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Cytoprotection against Cr6+-induced DNA damage by alpha-lipoic acid: implications in reducing occupational cancer risk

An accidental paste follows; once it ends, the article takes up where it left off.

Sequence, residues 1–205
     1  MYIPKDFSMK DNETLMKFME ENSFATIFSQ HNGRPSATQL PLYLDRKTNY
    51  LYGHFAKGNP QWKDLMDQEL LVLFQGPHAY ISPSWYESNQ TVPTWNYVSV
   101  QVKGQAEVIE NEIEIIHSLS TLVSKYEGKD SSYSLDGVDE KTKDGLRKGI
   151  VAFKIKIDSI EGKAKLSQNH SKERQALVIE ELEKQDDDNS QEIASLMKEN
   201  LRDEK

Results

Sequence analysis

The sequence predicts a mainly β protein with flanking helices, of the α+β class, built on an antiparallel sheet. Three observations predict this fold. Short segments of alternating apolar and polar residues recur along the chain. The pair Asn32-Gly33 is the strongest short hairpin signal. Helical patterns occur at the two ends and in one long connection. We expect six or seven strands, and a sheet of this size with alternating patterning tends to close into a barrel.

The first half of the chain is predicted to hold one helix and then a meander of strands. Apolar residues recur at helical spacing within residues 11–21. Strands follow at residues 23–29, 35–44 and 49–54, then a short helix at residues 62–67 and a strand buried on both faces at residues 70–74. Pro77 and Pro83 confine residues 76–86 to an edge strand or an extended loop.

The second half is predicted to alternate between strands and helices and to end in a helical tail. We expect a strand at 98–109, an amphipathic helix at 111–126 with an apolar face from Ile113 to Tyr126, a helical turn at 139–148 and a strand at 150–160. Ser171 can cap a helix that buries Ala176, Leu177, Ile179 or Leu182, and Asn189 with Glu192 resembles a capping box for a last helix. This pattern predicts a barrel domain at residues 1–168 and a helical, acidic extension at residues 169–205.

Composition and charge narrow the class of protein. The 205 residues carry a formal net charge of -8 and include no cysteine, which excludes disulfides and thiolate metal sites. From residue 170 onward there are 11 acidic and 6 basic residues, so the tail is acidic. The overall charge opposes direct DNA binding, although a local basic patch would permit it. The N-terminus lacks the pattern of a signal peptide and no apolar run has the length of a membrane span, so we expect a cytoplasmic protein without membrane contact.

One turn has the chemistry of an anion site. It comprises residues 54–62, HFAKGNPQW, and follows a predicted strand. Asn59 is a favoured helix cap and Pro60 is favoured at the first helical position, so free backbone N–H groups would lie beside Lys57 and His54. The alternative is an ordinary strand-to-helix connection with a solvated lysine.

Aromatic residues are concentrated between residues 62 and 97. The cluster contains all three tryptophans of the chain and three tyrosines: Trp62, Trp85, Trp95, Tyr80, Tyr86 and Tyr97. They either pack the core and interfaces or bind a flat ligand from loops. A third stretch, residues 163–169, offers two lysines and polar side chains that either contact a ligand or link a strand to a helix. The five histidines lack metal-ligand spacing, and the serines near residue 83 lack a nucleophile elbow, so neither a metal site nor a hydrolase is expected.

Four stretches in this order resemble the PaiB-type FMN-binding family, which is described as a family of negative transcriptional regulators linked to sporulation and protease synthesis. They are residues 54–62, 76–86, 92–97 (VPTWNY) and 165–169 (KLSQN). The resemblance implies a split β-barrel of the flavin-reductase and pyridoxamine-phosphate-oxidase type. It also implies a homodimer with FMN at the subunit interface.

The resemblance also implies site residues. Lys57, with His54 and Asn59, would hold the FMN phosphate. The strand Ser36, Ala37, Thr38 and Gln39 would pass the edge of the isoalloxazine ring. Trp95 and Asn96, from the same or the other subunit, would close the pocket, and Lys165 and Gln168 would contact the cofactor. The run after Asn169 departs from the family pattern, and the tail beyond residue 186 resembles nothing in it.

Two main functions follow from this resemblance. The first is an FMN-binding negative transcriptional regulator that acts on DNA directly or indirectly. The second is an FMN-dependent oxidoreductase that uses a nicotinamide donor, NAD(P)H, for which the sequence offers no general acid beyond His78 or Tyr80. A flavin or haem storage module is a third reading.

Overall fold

Alpha-lipoic acid (LA), the metabolic antioxidant, was evaluated for its potential to protect against Cr6+-induced DNA damage. Potassium dichromate was administered to Swiss albino mice orally ad libitum at the doses of 5, 10 or 25 mg/kg body weight in drinking water to set DNA damage in cells, which was characterized in mouse peripheral blood mononuclear cells and bone marrow cells using single-cell gel electrophoresis and analyses of generated comets for Tail moment, Tail DNA and Tail length. DNA damage was dose dependent. Cytoprotection by LA was remarkable. LA (5, 10 and 25 mg/kg body weight intraperitoneally) in pre-, co- and post-toxicant administration schedule abrogated DNA damage substantially in both cell types. Protection by LA was also dose dependent. LA annulled DNA damage by Cr6+ in plasmid relaxation assay. A negligible DNA damage resulted during interaction of Cr6+ and LA. Compared to ascorbate, LA emerged as a better antioxidant and least DNA damaging. In conclusion, our study advocated an experimental therapeutic research potential in LA against Cr6+-induced DNA damage for reduction of occupational cancer risk in humans.